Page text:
JACKSON, Wyo. — Yesterday, an interagency team from the U.S. Fish and Wildlife Service (FWS) successfully radio-collared two yearlings of grizzly 399.

The collaring was done in an effort to better monitor the bears’ location and take steps to mitigate human-bear conflicts. After collaring, the two yearlings, along with a third that was not collared, were released together in the presence of 399 and the remaining yearling.

“The Service recognizes the high level of interest in grizzly bear #399, and we thank all of our partners for coming together to do what we can to ensure both the safety of the public as well as the safety of #399 and her yearlings from growing risks of human-bear conflict,” said Acting FWS Regional Director Matt Hogan. “This preventive step will help us mitigate further conflicts to protect grizzly bear #399, her yearlings, and the public.”

In recent days there has been a significant increase in the frequency of the famous mother and her cubs lingering near human residences and accessing human sources of food, including apiculture beehives, unsecured animal feed and garbage. 

The FWS reminds residents and visitors that they have the ability to prevent conflicts and food conditioning from occurring.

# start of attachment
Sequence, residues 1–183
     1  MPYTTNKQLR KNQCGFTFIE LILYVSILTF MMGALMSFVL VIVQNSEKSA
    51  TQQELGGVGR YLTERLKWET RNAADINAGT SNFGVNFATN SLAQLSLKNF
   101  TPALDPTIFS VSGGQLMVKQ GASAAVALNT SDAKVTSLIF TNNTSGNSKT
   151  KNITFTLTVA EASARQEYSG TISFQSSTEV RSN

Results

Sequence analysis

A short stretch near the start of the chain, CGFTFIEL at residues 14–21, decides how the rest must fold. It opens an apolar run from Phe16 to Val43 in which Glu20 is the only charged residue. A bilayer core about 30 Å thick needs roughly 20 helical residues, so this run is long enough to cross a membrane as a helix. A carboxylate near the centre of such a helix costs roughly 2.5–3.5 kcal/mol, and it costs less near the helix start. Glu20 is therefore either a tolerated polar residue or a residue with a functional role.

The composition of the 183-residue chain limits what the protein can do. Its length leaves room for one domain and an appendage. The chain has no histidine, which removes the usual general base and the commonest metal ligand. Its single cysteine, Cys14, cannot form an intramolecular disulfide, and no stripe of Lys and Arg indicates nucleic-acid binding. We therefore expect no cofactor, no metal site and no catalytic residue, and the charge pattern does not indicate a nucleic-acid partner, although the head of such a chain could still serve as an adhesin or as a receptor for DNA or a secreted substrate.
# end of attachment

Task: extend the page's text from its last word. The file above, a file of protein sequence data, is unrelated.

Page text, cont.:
“It is important that bears do not feel comfortable near human-occupied dwellings. If grizzly bear 399, or any other bears, are in a residential area, people can make loud noises, such as yelling or banging pots and pans, to make bears feel uncomfortable and help move them along,” said the FWS.

Grizzly bears in the lower-48 states are listed as threatened under the Endangered Species Act (ESA), meaning management authority for grizzlies in Wyoming rests with the USFWS, working closely with NPS, Wyoming Game and Fish Department, and U.S. Forest Service.

For more information about 399 and keeping yourself and bears safe in bear country, click here.

Caroline Chapman is a Community News Reporter. She's a lover of alliteration, easy-to-follow recipes and board games when everyone knows the rules. Her favorite aspect about living in the Tetons is the collective admiration that Wyomingites share for the land and the life that it sustains.